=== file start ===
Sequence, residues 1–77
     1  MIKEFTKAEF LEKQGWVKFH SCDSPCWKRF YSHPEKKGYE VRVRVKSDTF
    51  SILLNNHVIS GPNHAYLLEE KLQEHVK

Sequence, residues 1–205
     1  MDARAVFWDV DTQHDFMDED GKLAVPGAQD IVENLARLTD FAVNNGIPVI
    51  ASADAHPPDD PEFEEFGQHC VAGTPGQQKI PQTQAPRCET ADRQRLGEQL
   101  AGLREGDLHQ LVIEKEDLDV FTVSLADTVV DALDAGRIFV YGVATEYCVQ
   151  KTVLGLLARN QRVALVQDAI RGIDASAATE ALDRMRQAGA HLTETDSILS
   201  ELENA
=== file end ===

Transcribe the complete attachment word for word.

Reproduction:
Sequence, residues 1–77
     1  MIKEFTKAEF LEKQGWVKFH SCDSPCWKRF YSHPEKKGYE VRVRVKSDTF
    51  SILLNNHVIS GPNHAYLLEE KLQEHVK

Sequence, residues 1–205
     1  MDARAVFWDV DTQHDFMDED GKLAVPGAQD IVENLARLTD FAVNNGIPVI
    51  ASADAHPPDD PEFEEFGQHC VAGTPGQQKI PQTQAPRCET ADRQRLGEQL
   101  AGLREGDLHQ LVIEKEDLDV FTVSLADTVV DALDAGRIFV YGVATEYCVQ
   151  KTVLGLLARN QRVALVQDAI RGIDASAATE ALDRMRQAGA HLTETDSILS
   201  ELENA